The Christmas Tree


The Christmas tree has become the centerpiece of most modern Christmas celebrations. Whether its origins are Christian is unclear. Legend has it that Protestant reformer Martin Luther began the tradition of adorning trees with candles around 1500 A.D. after being awestruck by moonlight reflecting on a stand of evergreens. He brought a small fir tree home and decorated it with candles lit in honor of Jesus Christ’s birth.

Some claim that the Christmas tree has secular origins that range from the early Egyptian worship of evergreens to the Romans’ Saturnalia festival or Druidic rituals practiced during the winter solstice.

Whatever its origins, the modern Christmas tree represents something different to people who celebrate the holiday now than it did to their ancestors. The evergreen is a changeling in the sense that it can take any shape or form. It can be any color, tall or short, big or small, real or artificial, filled with lights, candles, garland and tinsel or none of them, topped by a star or angel, glittering or austere, and filled with identical ornaments or a hodgepodge of collectibles. The tree looks like whatever the person who puts it up wants it to be.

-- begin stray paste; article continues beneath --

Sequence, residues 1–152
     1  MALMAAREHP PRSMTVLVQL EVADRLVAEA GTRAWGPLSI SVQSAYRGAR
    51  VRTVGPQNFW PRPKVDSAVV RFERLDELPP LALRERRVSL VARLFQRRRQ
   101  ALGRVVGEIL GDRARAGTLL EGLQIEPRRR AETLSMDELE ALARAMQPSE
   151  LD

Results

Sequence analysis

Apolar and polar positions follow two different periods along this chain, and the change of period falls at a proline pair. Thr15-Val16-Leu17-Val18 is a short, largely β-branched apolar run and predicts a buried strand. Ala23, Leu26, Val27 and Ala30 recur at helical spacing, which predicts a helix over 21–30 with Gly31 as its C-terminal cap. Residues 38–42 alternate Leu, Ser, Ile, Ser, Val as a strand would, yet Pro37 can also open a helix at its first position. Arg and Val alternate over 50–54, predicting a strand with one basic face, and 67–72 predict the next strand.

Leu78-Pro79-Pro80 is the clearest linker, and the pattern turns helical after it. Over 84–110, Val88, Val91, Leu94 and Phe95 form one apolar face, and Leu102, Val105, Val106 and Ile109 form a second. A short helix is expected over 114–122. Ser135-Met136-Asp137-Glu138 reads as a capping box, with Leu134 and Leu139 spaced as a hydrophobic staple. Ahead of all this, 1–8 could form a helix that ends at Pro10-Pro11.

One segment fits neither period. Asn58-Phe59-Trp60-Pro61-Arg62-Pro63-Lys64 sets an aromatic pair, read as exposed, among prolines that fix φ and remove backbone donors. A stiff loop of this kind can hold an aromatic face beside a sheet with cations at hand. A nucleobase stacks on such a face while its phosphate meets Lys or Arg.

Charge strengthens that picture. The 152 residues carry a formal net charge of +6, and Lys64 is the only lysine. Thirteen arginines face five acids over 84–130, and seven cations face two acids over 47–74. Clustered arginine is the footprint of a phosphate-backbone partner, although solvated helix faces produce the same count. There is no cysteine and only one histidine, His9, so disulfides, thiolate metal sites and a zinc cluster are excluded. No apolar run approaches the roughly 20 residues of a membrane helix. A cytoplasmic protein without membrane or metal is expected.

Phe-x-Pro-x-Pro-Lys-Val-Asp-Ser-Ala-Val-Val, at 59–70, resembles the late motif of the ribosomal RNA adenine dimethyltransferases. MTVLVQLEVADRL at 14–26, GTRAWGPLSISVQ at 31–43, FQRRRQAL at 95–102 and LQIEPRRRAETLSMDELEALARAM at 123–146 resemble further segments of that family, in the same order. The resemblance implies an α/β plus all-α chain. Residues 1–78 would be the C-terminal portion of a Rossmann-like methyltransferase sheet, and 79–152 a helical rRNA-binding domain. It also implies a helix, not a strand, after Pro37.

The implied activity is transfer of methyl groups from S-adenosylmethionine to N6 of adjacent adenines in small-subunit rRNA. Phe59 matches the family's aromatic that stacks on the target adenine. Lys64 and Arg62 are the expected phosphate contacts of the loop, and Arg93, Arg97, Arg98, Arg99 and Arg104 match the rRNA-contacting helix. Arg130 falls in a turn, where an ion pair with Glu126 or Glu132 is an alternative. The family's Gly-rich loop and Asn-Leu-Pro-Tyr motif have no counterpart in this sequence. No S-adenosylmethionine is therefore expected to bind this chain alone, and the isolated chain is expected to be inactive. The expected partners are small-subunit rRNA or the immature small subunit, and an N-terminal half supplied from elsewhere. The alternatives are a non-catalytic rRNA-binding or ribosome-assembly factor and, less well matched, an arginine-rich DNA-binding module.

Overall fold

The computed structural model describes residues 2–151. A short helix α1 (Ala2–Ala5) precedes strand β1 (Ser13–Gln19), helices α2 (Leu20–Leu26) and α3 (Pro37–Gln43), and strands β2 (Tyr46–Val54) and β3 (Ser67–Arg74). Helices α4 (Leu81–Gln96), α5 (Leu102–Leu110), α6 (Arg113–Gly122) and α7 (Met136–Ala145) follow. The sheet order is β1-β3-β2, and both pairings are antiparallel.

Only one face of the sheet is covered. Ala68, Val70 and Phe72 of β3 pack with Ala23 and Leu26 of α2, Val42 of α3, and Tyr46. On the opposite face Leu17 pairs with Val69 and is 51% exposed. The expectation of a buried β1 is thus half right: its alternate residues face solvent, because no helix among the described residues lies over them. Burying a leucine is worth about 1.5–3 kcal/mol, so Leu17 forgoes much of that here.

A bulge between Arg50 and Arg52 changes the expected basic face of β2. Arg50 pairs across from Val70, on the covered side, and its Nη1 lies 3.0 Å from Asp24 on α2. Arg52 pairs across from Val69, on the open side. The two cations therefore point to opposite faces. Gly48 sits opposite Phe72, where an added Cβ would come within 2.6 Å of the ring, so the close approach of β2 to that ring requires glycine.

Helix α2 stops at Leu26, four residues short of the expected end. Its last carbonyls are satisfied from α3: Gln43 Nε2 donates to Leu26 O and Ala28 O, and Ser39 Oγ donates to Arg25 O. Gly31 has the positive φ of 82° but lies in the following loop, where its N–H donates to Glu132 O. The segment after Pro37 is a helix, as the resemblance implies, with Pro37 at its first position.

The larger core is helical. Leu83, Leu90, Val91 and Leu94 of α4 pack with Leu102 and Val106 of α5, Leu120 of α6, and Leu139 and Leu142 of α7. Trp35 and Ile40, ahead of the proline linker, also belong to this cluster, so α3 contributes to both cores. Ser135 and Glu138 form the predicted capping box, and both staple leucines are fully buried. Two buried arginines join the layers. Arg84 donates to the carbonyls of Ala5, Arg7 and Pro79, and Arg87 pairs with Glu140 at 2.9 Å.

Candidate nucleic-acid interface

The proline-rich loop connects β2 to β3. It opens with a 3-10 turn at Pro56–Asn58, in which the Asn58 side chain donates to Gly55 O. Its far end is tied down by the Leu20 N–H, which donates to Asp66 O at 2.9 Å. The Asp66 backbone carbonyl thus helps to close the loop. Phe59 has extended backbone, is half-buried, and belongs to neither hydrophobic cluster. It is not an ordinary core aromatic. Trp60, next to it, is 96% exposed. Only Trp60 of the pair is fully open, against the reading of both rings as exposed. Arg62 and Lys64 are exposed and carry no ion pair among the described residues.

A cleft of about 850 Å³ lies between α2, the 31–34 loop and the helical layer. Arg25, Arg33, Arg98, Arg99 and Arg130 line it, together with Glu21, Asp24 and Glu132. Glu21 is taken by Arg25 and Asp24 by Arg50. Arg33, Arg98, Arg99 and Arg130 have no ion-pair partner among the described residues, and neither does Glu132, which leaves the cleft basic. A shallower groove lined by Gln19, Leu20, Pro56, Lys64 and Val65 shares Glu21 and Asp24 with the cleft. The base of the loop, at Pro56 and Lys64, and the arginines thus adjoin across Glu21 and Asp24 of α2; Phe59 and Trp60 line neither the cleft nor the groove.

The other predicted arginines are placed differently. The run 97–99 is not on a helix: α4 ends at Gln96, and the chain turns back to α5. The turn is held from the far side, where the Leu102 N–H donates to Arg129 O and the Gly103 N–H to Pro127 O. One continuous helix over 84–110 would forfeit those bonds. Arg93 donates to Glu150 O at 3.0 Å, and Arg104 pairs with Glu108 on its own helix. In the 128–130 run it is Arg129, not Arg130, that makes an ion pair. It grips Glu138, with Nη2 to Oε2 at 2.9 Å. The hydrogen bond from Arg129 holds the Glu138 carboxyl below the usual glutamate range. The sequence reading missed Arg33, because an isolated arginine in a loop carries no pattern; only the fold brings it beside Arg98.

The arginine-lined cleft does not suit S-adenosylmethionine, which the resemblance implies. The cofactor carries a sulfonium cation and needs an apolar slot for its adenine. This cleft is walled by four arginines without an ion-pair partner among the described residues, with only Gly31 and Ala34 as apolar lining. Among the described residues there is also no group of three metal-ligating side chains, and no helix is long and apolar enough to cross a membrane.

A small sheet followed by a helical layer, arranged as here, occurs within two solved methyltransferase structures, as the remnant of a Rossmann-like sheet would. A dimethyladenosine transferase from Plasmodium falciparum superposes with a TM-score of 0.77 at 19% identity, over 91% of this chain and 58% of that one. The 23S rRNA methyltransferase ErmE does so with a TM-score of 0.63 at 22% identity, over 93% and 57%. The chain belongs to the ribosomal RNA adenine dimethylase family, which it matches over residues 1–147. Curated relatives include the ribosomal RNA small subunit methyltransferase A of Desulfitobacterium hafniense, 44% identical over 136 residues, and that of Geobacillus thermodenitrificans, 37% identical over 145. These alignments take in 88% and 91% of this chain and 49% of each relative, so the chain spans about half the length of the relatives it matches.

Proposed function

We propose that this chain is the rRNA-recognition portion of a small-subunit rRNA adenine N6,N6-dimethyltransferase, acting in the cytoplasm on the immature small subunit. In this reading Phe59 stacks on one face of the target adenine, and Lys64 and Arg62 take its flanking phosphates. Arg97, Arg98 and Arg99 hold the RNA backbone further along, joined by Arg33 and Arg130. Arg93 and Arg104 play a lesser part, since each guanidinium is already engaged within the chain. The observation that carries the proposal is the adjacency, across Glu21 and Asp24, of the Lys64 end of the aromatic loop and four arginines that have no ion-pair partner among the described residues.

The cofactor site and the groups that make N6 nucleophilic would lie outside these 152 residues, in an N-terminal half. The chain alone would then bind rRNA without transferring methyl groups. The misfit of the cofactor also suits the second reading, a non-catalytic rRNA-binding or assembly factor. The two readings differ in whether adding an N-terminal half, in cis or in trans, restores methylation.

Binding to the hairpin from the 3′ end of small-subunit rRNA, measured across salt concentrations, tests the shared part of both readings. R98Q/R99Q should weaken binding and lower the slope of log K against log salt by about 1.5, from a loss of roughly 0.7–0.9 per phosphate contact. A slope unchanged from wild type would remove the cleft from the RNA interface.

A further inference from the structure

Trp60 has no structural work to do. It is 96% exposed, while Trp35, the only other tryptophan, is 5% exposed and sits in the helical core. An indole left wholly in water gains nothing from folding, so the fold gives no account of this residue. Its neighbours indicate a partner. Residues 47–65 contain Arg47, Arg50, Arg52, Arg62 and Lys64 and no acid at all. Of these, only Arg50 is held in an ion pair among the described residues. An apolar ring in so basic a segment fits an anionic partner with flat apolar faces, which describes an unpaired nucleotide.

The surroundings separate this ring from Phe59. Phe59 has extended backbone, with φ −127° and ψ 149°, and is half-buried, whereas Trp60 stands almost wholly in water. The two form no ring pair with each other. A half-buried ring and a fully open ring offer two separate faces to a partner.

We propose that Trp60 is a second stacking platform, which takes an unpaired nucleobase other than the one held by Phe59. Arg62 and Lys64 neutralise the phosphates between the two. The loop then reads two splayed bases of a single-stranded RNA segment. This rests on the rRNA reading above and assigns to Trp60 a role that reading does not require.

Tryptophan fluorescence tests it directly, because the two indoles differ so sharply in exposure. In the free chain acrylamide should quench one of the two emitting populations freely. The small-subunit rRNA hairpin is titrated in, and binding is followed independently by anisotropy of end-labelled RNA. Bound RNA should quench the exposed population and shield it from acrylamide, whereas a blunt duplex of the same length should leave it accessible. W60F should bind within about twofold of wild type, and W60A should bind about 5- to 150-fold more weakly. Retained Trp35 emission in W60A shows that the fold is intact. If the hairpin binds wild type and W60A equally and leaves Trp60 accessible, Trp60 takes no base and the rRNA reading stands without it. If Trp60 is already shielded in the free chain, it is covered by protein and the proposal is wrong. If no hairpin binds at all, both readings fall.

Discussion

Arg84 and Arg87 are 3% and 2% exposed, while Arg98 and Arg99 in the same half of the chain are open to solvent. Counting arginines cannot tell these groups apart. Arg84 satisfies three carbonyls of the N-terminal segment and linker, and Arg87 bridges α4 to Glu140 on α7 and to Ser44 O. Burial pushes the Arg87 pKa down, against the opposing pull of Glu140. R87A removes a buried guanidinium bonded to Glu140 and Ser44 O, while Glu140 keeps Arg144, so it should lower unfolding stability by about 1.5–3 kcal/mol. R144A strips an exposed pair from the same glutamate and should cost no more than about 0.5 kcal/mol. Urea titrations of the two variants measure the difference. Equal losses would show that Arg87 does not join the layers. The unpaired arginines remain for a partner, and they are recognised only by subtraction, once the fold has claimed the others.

The only aspect that hasn’t changed through the centuries is that the tree should be a coniferous pine. Perhaps its evergreen nature symbolizes that it will always have a special place in people’s hearts, no matter what form it takes.

Tree

May your holidays ever be filled with the Christmas spirit.

 

 

snowflakeM.G. Edwards is a writer of books and stories in the mystery, thriller and science fiction-fantasy genres. He also writes travel adventures. He is author of Kilimanjaro: One Man’s Quest to Go Over the Hill, a non-fiction account of his attempt to summit Mount Kilimanjaro, Africa’s highest mountain and a collection of short stories called Real Dreams: Thirty Years of Short Stories. His books are available as an e-book and in print on Amazon.com and other booksellers. He lives in Bangkok, Thailand with his wife Jing and son Alex.

For more books or stories by M.G. Edwards, visit his web site at www.mgedwards.com or his blog, World Adventurers. Contact him at me@mgedwards.com, on Facebook, on Google+, or @m_g_edwards on Twitter.

© 2012 Brilliance Press. All rights reserved. No part of this work may be reproduced or transmitted without the written consent of the author.